There’s a maintenance man in my building who served in the Vietnam War. He often comes by the office to restore cabinets, tables, desks and chairs. After months of begging human resources and the CEO to buy me a new chair for my sore back, my office finally agreed. They ordered the entire office new chairs. When the packages of chairs arrived, so did the Vietnam Vet to build them.
While watching him screw and bolt the pieces together, I’m thanking the HR lady and validating my request for these new chairs. “My back is just awful lately,” I told her. “I work out like crazy. I do Yoga a lot and it’s still constantly in pain.”
The Vet overhears this, stares at me, shakes his head and laughs at my wimpish whines.
“You wanna see a bad back?” he asks as he walks over and lifts his shirt. He shows me the deepest and most cruel scar. “I fell out of a tree in ‘Nam. Messed up my back n’ legs n’ had about 12 surgeries to put it all back together.”
He showed me four more scars on each of his legs to emphasize his point.
“Bones was sticking out of both these legs,” he pointed at his ankles and knees, and I’m cringing at the site.
Just as bewildering was the thought of this man hiding up in a tree, sniping Vietnamese soldiers. He’s been through some shit and still looks so strong and able, regardless of his penguin-like limp.
Thirty minutes ago, I groaned at the disgusting office coffee. 25 minutes ago I moaned at the internet being too slow. 10 minutes ago I was grumbling for lunch. I bitched for half an hour straight while the Vietnam Vet heard every word. Here I am with my weak spine and perfect girlish figure, and this man who broke every bone in his lower half hasn’t complained once all day.
It got me thinking. Is whining a practice humans should have to earn in life? Just as we earn a license to drive a car, should we have to prove a life of difficulty in order to whine? At first I said, Yes, anyone with a difficult life or who’s endured great struggles, such as a war or Jewish mother, should get a certification for bitching and moaning to the world.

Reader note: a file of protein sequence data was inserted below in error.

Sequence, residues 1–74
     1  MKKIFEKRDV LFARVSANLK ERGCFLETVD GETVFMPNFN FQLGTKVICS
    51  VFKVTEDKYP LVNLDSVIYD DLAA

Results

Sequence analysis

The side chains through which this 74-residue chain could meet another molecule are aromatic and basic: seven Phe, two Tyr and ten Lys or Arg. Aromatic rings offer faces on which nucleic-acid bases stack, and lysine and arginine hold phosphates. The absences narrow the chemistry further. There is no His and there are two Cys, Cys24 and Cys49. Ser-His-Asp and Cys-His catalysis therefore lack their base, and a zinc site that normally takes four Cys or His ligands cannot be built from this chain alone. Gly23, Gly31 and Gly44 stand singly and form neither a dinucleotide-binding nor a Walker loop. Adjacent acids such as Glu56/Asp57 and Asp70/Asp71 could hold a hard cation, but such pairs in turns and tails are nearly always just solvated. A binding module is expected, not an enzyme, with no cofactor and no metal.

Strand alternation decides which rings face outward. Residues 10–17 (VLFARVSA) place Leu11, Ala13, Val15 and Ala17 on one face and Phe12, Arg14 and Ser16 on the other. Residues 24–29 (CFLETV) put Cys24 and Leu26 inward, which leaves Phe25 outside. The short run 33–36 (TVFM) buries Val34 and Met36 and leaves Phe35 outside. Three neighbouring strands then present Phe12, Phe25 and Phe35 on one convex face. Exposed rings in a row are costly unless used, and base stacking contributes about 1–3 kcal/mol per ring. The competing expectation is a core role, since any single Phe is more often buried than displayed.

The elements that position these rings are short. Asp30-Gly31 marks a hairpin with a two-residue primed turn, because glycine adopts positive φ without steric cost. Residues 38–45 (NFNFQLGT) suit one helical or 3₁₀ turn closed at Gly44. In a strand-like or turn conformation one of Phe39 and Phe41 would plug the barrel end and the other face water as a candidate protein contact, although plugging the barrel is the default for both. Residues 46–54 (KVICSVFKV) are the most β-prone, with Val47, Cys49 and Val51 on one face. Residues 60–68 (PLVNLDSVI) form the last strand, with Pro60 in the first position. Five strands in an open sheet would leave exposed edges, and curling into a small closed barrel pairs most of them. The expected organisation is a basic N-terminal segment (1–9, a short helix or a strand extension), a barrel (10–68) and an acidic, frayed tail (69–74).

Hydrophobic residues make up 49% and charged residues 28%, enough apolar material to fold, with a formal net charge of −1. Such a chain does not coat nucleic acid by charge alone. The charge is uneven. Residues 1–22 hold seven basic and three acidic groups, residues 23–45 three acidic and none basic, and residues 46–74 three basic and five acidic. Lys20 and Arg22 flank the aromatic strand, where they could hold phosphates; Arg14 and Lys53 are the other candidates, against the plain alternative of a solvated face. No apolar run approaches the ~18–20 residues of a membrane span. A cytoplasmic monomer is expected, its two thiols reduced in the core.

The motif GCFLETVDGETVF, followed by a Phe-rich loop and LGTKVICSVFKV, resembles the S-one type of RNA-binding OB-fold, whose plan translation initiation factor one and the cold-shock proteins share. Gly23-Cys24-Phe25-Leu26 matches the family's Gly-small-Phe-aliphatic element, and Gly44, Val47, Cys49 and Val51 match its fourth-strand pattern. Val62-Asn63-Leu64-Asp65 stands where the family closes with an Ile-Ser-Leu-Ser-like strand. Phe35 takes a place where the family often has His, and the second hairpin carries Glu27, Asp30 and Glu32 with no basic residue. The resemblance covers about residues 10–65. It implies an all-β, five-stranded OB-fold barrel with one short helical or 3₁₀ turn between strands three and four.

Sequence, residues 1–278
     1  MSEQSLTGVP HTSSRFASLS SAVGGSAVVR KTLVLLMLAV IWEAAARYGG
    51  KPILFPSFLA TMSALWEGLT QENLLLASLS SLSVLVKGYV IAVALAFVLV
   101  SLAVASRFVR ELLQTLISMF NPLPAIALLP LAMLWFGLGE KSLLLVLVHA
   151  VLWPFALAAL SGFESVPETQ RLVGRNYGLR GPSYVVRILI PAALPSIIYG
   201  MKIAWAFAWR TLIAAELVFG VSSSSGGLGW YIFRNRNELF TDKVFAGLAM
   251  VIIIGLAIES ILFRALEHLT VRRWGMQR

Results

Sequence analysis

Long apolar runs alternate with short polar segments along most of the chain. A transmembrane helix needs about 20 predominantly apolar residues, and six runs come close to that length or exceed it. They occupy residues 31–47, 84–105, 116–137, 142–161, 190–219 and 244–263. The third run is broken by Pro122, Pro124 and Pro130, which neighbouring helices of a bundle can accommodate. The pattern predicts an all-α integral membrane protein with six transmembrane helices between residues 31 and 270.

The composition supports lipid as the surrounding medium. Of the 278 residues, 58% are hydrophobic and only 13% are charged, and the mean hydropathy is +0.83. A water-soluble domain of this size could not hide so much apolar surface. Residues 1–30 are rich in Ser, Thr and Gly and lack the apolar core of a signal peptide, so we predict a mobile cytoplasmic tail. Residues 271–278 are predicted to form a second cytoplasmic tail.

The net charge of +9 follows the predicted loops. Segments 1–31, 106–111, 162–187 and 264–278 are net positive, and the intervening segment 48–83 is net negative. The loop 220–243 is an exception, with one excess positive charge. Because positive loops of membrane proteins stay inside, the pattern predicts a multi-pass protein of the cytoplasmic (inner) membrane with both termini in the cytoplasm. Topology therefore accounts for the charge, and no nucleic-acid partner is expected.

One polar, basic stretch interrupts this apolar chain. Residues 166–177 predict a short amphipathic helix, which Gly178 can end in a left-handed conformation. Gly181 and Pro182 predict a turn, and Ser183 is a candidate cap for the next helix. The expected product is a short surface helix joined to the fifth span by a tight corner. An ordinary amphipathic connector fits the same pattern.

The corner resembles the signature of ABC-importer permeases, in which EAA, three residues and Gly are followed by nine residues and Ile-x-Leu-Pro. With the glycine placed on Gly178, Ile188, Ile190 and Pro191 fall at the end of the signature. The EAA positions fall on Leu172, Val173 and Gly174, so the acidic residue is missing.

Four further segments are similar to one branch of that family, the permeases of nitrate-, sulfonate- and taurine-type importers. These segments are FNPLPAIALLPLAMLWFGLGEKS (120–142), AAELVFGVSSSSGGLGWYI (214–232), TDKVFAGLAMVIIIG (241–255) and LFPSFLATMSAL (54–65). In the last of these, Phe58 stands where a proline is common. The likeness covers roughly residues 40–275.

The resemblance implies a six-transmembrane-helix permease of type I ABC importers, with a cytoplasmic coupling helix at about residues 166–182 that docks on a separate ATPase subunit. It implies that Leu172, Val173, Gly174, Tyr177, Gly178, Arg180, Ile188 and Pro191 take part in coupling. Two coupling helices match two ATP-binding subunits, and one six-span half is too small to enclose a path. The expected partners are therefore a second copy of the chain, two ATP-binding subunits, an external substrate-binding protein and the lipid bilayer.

The only thing is, people who’ve actually had a lot of pain in life don’t really complain. The Vietnam Vet never complained. The Hispanic mother working three jobs and that cleans my apartment never complains; she always has a smile on her face as she dusts my T.V. while I’m clearly playing video games, but I have the nerve to tell her, “Get the hell out of the way, Rosalita! The Nazis are shooting at me!”
Rosalita cowers away in fear, “Oh no! I so sorry, Mr. Ariel.”
What a dip-shit I am.
It’s apparent that those who have a license to complain, never do. And those who complain are spoiled little brats like myself who’ve never had hardships in life, other than to do the dishes six times in one week for their Jewish fiancee or mother.
So the practice of whining will be continued by individuals who literally have nothing to complain about. My Jewish brethren are the frontrunners of this daily (sometimes hourly) ritual. We have great cars, houses and jobs; seemingly perfect lives. But if the bagel was toasted 2 seconds too much, then our whole day is ruined and everyone within an ear shout will hear about it. “How can I possibly put the lox and cream cheese on a blackened bagel? This is the absolute worst day of my life. Cancel all my appointments.”
To you, Vietnam Vet, thank you for helping me see how unworthy I am to complain about anything in life. This will help me grow as an individual and become respectful to those who are not as privileged. And to you, Rosalita, please be aware of your surroundings, especially when I’m playing XBox. If you distract me again during my invasion of the Eagle’s Nest, then I’ll fire you and hire your competitor… your cousin.